Dog parks provide valuable socialization and exercise opportunities for both dogs and their owners. Visiting these shared-use areas allowed us to collect a large number of samples from a cross-section of pet dogs, including many that, as reported by their owners, were not receiving preventive medications. Because we did not include a random control group of pet dogs that do not visit dog parks, our data cannot be used to determine whether dogs visiting these parks have a greater risk of intestinal parasitism than those in the general population. A valid conclusion of the study would be that intestinal parasites are common in pet dogs in the broadest sense. As such, our findings should serve to reinforce the recommendations of the Companion Animal Parasite Council (CAPC) that all dogs should receive broad-spectrum monthly intestinal parasite control treatment year-round or be treated 4 times a year with a broad-spectrum anthelmintic with efficacy against intestinal parasites.5 The CAPC also recommends that all dogs, including those receiving preventive medications, be regularly tested for intestinal parasites to safeguard their health, limit zoonotic risk, and monitor the continued efficacy of anthelmintics. The current prevalence of intestinal parasites is high, but with consistent effort, we are confident that our profession can reduce parasitism in pet dogs across the United States, including those that visit dog parks.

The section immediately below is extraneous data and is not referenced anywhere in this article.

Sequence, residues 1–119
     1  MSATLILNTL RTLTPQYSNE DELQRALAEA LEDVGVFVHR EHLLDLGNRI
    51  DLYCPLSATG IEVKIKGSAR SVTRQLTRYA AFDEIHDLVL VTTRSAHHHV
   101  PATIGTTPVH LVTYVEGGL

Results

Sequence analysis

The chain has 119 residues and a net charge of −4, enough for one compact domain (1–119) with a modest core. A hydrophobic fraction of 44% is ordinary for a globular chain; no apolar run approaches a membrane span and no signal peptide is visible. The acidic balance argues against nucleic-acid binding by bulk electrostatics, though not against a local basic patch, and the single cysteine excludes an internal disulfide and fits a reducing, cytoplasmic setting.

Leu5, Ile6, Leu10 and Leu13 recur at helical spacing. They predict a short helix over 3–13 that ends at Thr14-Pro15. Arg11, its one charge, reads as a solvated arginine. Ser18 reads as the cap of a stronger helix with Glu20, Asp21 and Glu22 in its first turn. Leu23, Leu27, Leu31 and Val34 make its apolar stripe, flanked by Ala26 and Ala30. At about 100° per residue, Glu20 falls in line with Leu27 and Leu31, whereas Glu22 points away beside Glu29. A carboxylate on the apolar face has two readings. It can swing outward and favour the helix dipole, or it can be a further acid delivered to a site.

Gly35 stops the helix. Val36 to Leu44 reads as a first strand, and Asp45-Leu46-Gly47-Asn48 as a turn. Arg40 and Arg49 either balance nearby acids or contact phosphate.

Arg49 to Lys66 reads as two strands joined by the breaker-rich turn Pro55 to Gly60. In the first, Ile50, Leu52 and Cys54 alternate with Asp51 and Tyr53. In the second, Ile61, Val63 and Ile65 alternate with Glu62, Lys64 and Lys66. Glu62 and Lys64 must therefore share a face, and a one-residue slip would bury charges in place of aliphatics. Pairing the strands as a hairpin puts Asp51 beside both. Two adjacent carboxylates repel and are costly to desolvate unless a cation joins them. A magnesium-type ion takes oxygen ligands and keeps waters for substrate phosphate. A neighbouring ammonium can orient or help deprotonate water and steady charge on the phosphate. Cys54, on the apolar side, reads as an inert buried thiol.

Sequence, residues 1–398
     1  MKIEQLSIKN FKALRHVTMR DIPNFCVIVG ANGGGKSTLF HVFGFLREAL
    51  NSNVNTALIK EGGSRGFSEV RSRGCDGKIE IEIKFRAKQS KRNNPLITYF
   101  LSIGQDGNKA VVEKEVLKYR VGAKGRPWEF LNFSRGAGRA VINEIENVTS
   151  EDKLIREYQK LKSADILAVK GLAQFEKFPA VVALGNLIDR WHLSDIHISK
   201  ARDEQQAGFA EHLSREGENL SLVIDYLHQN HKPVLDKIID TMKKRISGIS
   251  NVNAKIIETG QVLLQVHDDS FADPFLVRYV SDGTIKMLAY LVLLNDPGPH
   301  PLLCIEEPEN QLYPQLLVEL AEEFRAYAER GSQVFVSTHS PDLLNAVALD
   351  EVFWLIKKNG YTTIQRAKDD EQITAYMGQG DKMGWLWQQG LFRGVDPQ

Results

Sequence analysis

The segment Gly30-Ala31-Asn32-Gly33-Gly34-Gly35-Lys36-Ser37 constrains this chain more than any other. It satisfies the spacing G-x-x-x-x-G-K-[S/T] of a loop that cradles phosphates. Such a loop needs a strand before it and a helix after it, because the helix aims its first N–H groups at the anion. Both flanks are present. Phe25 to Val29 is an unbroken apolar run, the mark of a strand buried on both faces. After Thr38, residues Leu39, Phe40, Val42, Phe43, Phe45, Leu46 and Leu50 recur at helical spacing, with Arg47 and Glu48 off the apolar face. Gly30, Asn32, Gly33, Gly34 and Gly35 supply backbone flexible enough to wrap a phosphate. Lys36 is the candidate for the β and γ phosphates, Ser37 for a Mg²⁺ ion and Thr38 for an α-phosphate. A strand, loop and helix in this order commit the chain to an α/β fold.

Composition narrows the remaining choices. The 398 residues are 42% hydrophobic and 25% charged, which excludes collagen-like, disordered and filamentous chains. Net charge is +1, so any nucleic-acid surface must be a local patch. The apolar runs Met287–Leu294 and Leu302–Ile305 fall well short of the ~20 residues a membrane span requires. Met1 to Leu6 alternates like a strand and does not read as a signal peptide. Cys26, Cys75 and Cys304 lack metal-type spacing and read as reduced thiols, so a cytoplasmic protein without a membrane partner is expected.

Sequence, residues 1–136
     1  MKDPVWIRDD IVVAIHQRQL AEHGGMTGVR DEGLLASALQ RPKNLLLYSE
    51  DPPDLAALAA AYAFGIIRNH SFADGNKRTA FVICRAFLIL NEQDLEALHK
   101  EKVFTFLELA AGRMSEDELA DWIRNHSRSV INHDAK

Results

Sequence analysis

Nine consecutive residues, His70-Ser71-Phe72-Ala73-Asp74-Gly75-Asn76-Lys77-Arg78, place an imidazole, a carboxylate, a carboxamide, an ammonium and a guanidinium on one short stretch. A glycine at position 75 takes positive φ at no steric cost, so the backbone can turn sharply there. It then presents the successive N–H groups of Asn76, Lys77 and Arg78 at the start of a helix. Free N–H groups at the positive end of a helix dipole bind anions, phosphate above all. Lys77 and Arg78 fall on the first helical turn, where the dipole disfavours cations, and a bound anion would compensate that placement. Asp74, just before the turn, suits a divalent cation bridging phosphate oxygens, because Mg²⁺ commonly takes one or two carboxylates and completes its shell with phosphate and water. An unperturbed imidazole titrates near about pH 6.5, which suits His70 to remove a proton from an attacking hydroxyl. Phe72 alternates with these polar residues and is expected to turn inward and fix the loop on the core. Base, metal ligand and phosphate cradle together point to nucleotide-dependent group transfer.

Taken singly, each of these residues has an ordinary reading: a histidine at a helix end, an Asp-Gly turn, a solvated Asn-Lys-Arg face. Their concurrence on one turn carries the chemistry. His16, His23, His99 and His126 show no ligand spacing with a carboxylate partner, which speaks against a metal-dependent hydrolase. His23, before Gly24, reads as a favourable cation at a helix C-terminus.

Susan E. Little, dvm, phd

Oklahoma State University Stillwater, Okla

William G. Ryan, bvsc, mba

Westfield, NJ